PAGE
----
But despite outlines and timetables, the epic developed its own life.  For example, new characters whom I had not anticipated suddenly appeared.  In the siege of a mountain fortress, a character emerged in the process—as the fortress was in the throes of being destroyed, Odysseus’ son Telemachus discovered a girl fiercely holding her own against three of his soldiers.  He sent them away and, when she was too exhausted to continue fighting, captured her.  Pelagia was her name; she was the daughter of the chieftain, who had brought her up as if she were a son.  Her capture had a profound effect on the rest of the story, for she became a major figure.  To a lesser extent, the same applied to Amunet, a Phaeacian slave of Helen of Troy.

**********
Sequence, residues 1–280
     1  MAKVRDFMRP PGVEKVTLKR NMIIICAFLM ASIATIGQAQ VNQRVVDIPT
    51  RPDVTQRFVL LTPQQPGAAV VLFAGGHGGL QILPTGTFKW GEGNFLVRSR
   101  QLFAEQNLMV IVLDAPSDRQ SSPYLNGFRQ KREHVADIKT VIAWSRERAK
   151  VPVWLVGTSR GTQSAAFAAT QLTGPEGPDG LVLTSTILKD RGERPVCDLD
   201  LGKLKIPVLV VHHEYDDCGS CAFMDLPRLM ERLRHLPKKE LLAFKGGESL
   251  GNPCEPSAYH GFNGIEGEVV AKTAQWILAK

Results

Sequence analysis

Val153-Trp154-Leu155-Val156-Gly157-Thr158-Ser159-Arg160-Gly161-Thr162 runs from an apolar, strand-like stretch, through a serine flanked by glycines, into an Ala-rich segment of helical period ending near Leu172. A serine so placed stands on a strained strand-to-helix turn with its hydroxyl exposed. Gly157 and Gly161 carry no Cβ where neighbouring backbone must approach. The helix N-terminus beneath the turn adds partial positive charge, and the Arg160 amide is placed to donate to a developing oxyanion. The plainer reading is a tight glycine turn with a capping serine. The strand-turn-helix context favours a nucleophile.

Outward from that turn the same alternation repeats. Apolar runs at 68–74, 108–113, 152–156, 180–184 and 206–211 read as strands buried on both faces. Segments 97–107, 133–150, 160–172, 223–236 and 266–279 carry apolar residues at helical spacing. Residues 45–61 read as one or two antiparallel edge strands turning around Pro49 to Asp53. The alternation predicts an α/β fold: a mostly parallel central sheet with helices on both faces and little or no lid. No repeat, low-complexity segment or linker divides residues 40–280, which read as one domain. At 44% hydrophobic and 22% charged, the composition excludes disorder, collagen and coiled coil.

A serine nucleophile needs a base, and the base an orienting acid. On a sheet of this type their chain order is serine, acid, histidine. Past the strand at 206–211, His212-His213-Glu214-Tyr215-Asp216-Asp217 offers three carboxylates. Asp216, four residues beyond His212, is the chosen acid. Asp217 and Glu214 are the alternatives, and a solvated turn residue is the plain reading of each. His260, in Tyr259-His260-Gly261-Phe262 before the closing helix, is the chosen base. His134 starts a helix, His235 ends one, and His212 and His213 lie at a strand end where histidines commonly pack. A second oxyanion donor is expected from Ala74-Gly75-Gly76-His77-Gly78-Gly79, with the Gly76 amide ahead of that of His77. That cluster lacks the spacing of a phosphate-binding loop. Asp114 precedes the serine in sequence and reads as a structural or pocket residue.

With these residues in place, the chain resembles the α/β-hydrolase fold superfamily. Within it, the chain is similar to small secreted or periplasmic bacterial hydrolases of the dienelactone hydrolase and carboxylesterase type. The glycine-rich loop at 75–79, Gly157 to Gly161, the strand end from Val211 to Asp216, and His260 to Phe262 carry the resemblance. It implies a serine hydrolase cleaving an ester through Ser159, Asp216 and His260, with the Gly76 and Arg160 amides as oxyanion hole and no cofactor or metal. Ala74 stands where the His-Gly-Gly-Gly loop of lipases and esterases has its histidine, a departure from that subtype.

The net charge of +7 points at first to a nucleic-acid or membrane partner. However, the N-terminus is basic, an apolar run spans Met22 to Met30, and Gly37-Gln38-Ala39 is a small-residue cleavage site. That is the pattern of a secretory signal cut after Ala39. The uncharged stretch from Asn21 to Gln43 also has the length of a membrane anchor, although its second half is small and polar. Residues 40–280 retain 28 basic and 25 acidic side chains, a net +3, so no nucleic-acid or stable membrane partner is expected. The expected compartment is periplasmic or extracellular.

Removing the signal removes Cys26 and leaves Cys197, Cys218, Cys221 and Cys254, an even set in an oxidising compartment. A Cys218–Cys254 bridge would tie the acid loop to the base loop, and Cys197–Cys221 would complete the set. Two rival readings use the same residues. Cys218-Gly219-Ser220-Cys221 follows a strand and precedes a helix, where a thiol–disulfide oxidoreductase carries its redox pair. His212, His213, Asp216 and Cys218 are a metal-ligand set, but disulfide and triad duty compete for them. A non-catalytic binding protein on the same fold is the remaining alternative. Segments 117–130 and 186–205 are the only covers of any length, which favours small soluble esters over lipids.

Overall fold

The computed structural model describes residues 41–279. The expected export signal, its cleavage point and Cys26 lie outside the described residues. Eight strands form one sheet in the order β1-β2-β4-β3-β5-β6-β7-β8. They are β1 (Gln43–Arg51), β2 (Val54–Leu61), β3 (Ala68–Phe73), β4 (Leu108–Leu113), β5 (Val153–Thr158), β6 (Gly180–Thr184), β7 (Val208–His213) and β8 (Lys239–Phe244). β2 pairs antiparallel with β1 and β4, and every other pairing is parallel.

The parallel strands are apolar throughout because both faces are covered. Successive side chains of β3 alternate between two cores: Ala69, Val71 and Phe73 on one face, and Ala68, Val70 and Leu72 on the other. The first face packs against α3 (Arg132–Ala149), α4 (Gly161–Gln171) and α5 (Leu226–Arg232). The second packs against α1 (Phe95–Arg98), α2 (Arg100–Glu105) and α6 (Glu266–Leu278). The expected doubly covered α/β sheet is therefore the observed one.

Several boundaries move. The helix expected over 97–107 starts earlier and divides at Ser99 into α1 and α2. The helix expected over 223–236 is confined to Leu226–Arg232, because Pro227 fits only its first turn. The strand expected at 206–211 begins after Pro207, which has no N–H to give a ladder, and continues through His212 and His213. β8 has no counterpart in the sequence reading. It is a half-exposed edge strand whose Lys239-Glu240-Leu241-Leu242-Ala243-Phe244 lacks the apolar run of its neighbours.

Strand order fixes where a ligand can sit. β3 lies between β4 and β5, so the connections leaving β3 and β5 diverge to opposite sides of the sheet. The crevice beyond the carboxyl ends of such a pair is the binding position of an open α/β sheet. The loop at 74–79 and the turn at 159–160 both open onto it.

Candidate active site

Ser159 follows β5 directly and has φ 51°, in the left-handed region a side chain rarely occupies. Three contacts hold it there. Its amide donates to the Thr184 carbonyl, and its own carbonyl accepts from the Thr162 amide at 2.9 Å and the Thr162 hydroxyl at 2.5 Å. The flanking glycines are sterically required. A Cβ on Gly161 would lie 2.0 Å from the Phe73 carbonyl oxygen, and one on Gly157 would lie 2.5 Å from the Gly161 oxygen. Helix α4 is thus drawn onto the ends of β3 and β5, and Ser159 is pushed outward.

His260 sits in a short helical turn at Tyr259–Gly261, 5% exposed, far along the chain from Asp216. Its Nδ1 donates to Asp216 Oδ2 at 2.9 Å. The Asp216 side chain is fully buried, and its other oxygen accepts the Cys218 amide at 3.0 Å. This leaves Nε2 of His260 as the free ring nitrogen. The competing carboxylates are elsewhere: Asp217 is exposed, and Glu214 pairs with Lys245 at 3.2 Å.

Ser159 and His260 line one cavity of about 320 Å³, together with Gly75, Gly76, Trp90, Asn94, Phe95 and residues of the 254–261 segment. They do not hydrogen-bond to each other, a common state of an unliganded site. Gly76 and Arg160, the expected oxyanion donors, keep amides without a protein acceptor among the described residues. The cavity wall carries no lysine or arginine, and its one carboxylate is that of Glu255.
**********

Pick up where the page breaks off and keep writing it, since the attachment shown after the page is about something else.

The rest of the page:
As a result, the complex outline of the work continually evolved, with four major changes made to the epic within two years.